At a recent party conference, I was berated by a shadow minister who listed 10 BLF programmes that were supposedly not additional. Nine of them were NOF legacy programmes. Old mindsets die hard. We are no longer NOF, but why let the facts distract you from kicking a political football?

Olympic raid 'disappointing'

The resistance in parts of the Community Fund to the merger with NOF (once it had been announced by the Government) was inappropriate and ill-judged, with the result that the merger and restructuring were twice as difficult as they needed to be. The suspicions and negativity that were created misled external stakeholders and meant that some Community Fund staff suffered because they felt unable to sign up to the new organisation.

Nor will I miss the small minority of applicants for funding who assume that, if you reject their application, you must be malicious, corrupt, incompetent, biased or racist, or a combination of all of those. We do sometimes make mistakes, which is why there is a published complaints procedure with an independent reviewer at the final stage. Given that applications exceed funds severalfold, we are working to manage public expectations and provide better feedback.

Lastly, the transfer from 2009 of substantial lottery funds to the Olympic infrastructure was disappointing for us and our stakeholders. We believe, nevertheless, that we can make a substantial contribution to the legacy of the Olympics in the UK.

In the grand scheme, however, all of these not-so-highs have been challenges to be dealt with. The highs of the past 10 years are the real story.

Surviving the merger

I have been fortunate to work with three excellent chairs - Jill Pitkeathley, Diana Brittan and Clive Booth. I have learnt from them, too - not least that an effective working relationship between chair and chief executive is essential if non-departmental public bodies (and third sector organisations) are to succeed. The mantra must be "no surprises".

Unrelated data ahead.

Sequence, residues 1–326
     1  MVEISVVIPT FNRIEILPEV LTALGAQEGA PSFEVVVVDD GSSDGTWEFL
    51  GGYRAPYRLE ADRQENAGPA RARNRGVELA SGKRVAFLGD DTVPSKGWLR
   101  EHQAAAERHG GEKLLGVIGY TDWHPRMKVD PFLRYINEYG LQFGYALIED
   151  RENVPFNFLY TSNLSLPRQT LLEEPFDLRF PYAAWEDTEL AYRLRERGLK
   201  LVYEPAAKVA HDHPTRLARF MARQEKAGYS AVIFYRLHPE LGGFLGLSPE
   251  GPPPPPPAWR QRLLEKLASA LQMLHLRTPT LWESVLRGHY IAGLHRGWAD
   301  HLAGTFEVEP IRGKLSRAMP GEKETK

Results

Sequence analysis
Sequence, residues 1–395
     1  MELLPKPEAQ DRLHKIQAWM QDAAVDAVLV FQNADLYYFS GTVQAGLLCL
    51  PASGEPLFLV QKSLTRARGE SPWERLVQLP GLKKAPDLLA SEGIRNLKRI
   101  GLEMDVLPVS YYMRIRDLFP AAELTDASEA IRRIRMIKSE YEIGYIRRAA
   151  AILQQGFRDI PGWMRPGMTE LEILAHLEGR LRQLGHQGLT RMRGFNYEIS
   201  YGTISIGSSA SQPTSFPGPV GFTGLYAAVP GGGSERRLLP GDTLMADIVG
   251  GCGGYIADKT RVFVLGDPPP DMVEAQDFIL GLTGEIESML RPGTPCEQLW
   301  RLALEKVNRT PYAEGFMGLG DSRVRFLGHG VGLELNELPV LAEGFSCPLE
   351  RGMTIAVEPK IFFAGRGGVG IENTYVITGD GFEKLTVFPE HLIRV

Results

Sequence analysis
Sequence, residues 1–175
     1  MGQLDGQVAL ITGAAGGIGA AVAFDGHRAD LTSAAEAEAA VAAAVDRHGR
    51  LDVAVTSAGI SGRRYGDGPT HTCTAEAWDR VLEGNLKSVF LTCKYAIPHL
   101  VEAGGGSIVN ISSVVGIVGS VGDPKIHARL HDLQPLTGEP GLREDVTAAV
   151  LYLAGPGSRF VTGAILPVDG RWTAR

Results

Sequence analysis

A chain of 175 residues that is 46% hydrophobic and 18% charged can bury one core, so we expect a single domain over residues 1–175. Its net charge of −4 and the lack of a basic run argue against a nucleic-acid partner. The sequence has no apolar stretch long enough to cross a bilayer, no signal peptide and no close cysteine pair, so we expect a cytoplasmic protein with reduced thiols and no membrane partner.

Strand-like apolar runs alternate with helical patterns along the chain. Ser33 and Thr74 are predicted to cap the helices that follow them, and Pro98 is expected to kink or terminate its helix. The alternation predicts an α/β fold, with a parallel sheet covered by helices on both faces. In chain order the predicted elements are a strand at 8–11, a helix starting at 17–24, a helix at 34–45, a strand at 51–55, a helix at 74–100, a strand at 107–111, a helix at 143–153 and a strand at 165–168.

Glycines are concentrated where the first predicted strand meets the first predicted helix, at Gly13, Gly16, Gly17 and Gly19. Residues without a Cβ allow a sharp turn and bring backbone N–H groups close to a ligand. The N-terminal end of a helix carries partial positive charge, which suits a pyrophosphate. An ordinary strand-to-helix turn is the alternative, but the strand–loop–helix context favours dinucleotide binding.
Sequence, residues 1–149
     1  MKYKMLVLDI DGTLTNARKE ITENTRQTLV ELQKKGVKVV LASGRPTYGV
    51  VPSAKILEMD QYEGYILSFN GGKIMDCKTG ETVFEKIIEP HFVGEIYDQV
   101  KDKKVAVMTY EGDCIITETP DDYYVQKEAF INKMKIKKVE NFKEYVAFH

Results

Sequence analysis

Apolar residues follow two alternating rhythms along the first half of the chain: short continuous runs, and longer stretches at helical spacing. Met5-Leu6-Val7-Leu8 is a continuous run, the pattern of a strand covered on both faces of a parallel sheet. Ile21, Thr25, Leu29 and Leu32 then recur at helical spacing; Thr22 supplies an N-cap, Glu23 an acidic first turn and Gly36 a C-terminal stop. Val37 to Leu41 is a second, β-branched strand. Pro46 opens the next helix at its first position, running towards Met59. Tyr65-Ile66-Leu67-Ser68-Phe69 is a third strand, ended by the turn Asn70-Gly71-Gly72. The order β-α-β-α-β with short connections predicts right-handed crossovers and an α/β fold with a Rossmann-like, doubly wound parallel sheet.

The resilience and dedication of BLF staff has been remarkable - especially those from NOF and the Community Fund who 'survived' the rigours of the merger. Invariably, the 'survivors' were people who embraced change and new ways of working.

The decision in 1998 to create NOF, re-orientate lottery funding to boost health, education and the environment, focus more on revenue and promote social inclusion and access has transformed lottery distribution in the past decade, for the benefit of communities and those most in need.

The successful negotiation of a new and appropriate relationship between the fund and the Government, enshrined in the National Lottery Act 2006, has resolved the issues of additionality and independence. All lottery distributors have parity. The Government sets the strategic framework and distributors are free to determine their funding programmes, how much should be allocated to them and how they will be delivered, and to make decisions on project applications.

There is now a positive definition of additionality agreed by all parties: "Lottery funding is distinct from government funding and adds value. Although it does not substitute for exchequer expenditure, where appropriate it complements government and other programmes, policies and funding." All distributors now report annually against this definition. We did so very fully in our recent annual review, which also reported on progress in relation to our undertaking that 60 to 70 per cent of BLF funding will go to the third sector (the current figure is 84 per cent).